Myth buster: Analysis shoots down economic notions in anesthesia


Amr Abouleish, M.D., M.B.A.: ‘A little knowledge, in the wrong hands, is hurting all of us.’

Physician anesthesiologists are constantly battered by conventional economic wisdom. Focusing on turnover time will improve O.R. throughput. Anesthesia providers prefer longer surgeries because anesthesia revenue includes time. Moving from physician-only staffing to medical-direction staffing will reduce staffing costs. Per-provider benchmarks based on FTEs allow accurate comparisons of productivity.

“People think they know something, and when you look more closely, the initial impression is wrong,” said Amr Abouleish, M.D., M.B.A., Pediatric Anesthesiologist at the University of Texas Medical Branch in Galveston. “A little knowledge, in the wrong hands, is hurting all of us.”

Dr. Abouleish explored four economic issues in anesthesiology that are more myth than reality Saturday during “Mythbusters Episode: Anesthesia Economic Issues.” The conventional wisdom is more myth than reality.

The notion that reducing turnover time will improve O.R. throughput seems plausible, he said. Less turnover time would seem to translate into more cases moving through the O.R. every day.

“Administrators like to focus on turnover time because it’s easy to measure,” Dr. Abouleish said. “The reality is that reducing turnover time will not result in even one more case being done in a day.”

The average turnover in the typical full-service hospital is about 38 minutes, he explained, and the typical case takes just over two hours. That works out to three cases per O.R. and two turnovers each workday. Reducing turnover time by 20 percent would save eight minutes per turnover, or 16 minutes per day.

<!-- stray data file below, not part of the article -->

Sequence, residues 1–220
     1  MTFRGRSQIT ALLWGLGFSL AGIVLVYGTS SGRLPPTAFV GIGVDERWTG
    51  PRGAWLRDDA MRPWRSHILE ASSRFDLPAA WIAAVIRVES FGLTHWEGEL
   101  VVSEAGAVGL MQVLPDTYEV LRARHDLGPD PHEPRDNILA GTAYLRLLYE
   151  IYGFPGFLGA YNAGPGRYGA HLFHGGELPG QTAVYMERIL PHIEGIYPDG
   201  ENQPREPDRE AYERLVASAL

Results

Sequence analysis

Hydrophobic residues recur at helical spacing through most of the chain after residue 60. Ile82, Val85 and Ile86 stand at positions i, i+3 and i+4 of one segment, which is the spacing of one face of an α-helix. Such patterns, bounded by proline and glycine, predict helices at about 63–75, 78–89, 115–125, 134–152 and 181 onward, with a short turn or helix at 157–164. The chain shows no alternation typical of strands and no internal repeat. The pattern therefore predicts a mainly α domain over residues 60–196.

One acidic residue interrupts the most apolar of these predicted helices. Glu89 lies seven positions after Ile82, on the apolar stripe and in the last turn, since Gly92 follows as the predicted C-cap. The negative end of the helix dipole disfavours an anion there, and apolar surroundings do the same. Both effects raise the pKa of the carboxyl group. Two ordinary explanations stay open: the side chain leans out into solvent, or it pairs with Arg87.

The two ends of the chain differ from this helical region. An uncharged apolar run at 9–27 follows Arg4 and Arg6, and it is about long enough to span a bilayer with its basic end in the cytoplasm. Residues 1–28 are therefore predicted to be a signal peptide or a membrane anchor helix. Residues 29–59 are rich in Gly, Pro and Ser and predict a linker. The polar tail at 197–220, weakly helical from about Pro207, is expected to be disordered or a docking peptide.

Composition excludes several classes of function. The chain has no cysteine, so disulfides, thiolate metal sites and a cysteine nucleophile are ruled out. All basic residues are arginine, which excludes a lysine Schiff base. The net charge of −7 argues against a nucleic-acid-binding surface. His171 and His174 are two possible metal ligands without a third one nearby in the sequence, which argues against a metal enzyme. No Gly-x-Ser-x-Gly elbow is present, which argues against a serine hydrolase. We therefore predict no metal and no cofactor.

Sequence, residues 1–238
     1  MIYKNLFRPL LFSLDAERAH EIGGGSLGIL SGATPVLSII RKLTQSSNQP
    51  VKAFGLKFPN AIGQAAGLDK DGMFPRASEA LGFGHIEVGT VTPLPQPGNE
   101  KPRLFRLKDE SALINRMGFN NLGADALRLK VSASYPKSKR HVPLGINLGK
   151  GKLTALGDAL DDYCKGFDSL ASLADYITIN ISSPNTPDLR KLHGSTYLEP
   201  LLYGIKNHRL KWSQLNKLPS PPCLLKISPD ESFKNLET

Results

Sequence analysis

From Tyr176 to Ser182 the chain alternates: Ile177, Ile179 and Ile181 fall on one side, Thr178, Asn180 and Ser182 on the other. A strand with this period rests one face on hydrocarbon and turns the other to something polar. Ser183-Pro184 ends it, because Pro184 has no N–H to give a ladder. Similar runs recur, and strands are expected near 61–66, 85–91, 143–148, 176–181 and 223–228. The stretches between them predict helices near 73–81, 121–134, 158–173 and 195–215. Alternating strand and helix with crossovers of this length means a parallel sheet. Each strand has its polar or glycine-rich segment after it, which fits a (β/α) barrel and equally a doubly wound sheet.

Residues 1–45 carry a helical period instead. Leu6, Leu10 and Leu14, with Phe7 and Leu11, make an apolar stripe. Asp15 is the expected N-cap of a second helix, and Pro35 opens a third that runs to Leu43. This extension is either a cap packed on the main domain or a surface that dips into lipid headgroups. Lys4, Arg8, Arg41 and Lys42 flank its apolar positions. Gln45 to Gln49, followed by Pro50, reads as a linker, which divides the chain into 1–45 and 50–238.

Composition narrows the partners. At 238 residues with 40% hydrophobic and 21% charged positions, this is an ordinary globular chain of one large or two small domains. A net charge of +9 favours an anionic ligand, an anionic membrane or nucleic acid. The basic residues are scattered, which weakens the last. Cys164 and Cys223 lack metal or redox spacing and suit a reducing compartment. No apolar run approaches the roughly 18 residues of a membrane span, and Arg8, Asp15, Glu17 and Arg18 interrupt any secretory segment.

“Instead of focusing on reducing turnover time, focus on delays,” Dr. Abouleish suggested. “If your typical turnover is 40 minutes, don’t worry about cutting one or two minutes — focus on the long turnovers. If you can reduce a 75-minute turnover to 40 minutes, you’ve saved 35 minutes for that one O.R. that day. That’s a greater improvement than the 16 minutes you might save by cutting your average turnover 20 percent.”

Administrators often reason that because anesthesia revenue includes time, anesthesia providers prefer longer surgeries. Good reasoning, he said, but incomplete information and wrong conclusion.

Yes, anesthesiologists bill for time, but they also bill for base units on each case. Given the same eight-hour billable hours in a day, doing more cases generates more base units and higher revenue.

“The real incentive is to do more cases in a day, not fewer,” Dr. Abouleish said. “Longer surgical duration puts you at a financial disadvantage. You can bill more if you do more cases in the same amount of time.”

The idea that moving from physician-only staffing to medical-direction staffing will reduce staffing sounds equally plausible. The median annual compensation for private practice anesthesiologists is $412,000, for academic anesthesiologists $300,000 and for CRNAs $186,000.

The raw numbers are misleading, Dr. Abouleish explained. The typical anesthesiologist works about 2,750 regular hours per year compared to 1,760 hours for the typical CRNA. That is equivalent to $110 to $150 per hour for physicians. CRNAs earn $106 per hour, similar to the median compensation for instructors and assistant professors.

If an academic department needs to cover an additional site, an instructor/assistant professor not only provides clinical services at CRNA cost levels but also provides academic services. Physician-only staffing is more cost effective. In other settings, the total staffing cost depends on the precise mix of sites, hours, types of cases, on-call needs, payers and other factors.

Benchmarking using per-provider measurements based on FTEs can be just as misleading. Comparisons based on the number of cases per FTE appears plausible, but fail to take into account variables such as the number of clinical sites involved, concurrency ratios, the hours of operation and need for a second shift, as well as potential needs for call time and post-call time.

“Comparisons using any per-FTE measurement are nothing more than optical illusions when differences in concurrency or staffing ratios exist,” Dr. Abouleish said. “Comparisons per O.R. are more accurate and more useful.”

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